So what about the treasures that we store up? It seems that we put much effort into maintaining those things that will not long-lasting in the history of humankind. We struggle to keep intact well-recognized world treasures somehow thinking that we will have the pyramids, the Four Faces on Mount Rushmore, or the Mona Lisa forever. However, natural things, like Chimney Rock, eventually erode and disappear. Therefore, it is unrealistic to believe that we can preserve human creations forever. Fires, wars, robberies, terrorist activities, and even age causes the decimation of these most precious of our worldly treasures. The eight hundred year Cathedral of Notre Dame in Paris that was severely damaged due to a fire earlier this year shows how faulty our beliefs are about the longevity of human treasures.
As humans, we take pride in the expressions of beauty that are on display in our world, both natural and human. We make every effort to preserve these majestic sights for either they are formed by the hand of God or are inspired by the grace of God. Therefore one of the common efforts on the part of Catholics is to preserve beautiful churches that represent glorious monuments to God using products of the natural world and shaped into forms to praise and honor him.
One of the challenges in the American Catholic Church today is the consolidation of parishes with the corresponding loss of the religious art associated with many of these churches. These ongoing reorganizations are occurring for several reasons. One is that there are in some rural and urban areas a Catholic Church every five miles or so. The relative closeness of these parishes was necessary at a time when transportation was limited to walking or by horse. Now, instead of sharing resources, the independent attitude of parishes results in the unnecessary replication of many ministries. Certainly, the decrease in the number of active priests requiring the sharing of priests between parishes is a reason to reduce the number of churches. Another significant consideration in the consolidation of churches is the decline in the number of parishioners in each one of these parishes. With these reasons and others, finances have become a driving factor for dioceses in deciding how many parishes to keep open.
The closing a parish or consolidation with another parish is especially hard on families who have attended a specific church for generations. The ancestors of a current family’s ancestors often scraped together money over time, to build a church by hand in reverence for their Lord and Savior. It is in this church where families received their Sacraments starting with Baptism. This is the church where a family member’s funeral Mass was held and is buried in the adjacent cemetery. It is within the four walls of the church where one’s family and religious history resides. Therefore, the resistance to altering the sacred part of a family past is often not well received. As an example of the importance in the connections that people place on churches, one woman that I met in my travels refuses to attend Mass since her childhood church was torn down.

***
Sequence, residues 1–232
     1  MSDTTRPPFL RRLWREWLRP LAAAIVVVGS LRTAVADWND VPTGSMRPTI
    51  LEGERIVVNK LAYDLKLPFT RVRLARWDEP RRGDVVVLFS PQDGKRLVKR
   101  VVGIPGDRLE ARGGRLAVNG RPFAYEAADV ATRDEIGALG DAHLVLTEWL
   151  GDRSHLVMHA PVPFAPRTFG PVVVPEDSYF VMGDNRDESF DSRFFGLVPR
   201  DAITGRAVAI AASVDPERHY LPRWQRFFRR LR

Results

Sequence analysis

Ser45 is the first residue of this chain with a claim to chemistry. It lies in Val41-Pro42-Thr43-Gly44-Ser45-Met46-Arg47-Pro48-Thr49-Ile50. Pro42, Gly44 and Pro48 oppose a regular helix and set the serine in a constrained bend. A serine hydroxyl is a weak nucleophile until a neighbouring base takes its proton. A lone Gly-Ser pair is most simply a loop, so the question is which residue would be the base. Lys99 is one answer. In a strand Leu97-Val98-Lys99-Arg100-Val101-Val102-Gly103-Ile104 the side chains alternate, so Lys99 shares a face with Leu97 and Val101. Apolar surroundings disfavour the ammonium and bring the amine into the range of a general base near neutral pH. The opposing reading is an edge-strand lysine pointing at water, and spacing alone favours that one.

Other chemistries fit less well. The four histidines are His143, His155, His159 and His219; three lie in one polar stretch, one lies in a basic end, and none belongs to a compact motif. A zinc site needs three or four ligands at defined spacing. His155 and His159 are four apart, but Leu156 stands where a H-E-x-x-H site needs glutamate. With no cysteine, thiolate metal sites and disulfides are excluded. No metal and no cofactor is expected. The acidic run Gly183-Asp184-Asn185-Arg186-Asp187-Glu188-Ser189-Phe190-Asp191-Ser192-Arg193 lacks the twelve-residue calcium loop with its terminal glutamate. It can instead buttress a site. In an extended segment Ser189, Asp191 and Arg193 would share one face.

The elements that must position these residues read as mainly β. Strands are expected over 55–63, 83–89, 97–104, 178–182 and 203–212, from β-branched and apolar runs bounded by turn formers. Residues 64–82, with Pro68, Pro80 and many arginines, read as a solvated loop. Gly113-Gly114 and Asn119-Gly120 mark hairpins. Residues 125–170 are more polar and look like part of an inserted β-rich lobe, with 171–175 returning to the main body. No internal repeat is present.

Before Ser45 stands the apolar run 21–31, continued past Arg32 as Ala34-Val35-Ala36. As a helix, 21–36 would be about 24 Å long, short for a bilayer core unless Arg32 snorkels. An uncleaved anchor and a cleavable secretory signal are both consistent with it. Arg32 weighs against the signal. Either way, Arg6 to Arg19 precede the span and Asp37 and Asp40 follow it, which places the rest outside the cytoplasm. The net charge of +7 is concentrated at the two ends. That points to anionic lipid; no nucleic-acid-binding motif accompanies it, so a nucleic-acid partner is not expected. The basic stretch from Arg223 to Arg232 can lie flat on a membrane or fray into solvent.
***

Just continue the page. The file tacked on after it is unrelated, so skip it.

If one stops to consider this extreme response to a building, this seems somewhat confusing. The faithful of Paris did not stop attending Mass because they could not go to Notre Dame. If the Vatican were to suddenly destroyed, we would mourn the loss of the central church of Catholics, but our faith would continue. It is not an individual building that determines our Catholic faith. When we place earthly things, even a church, as being equal to Jesus, it is time to re-evaluate our priorities. It is ultimately the belief in the Words and the Sacraments of Jesus that are our treasures.
Yes, the grandeur of a church provides us with a space to worship and recognize that all we have belongs to God. However, remember that nothing in a church, except the small pieces of concentrated bread that have become the body of Christ truly is God. All else are only representations of the Trinity and the Saints to assist us in our prayers to the Creator. We should not fret so much on these worldly interpretations lest these stones, wood, metal, and paint become a replacement for Jesus.
The things of this earthly life that we place value on will eventually come to an end. To live, as if they won’t are leanings towards idolatry-false gods that offer nothing lasting for us. It is the building up of the Church, made of his faithful people; this is our real wealth.
It is the treasures of heaven that are our lifeblood of faith. Jesus wants us to focus on the riches that last forever. Let us, therefore, be diligent, assuring that we do not substitute any imitations for our lasting relationship with the Lord.

Deacon Dan Gilbert


      Once, long ago there was a young boy, Aurelius, who want to live in a world of affluence. From his earliest years, Augustine possessed an inquisitive mind and an attractive personality who set his sights on a career that would bring him both wealth and fame. To prepare for this prestigious career, Aurelius was sent to the best schools and studied under well-recognized teachers. He eventually became well-known as a philosopher and public speaker.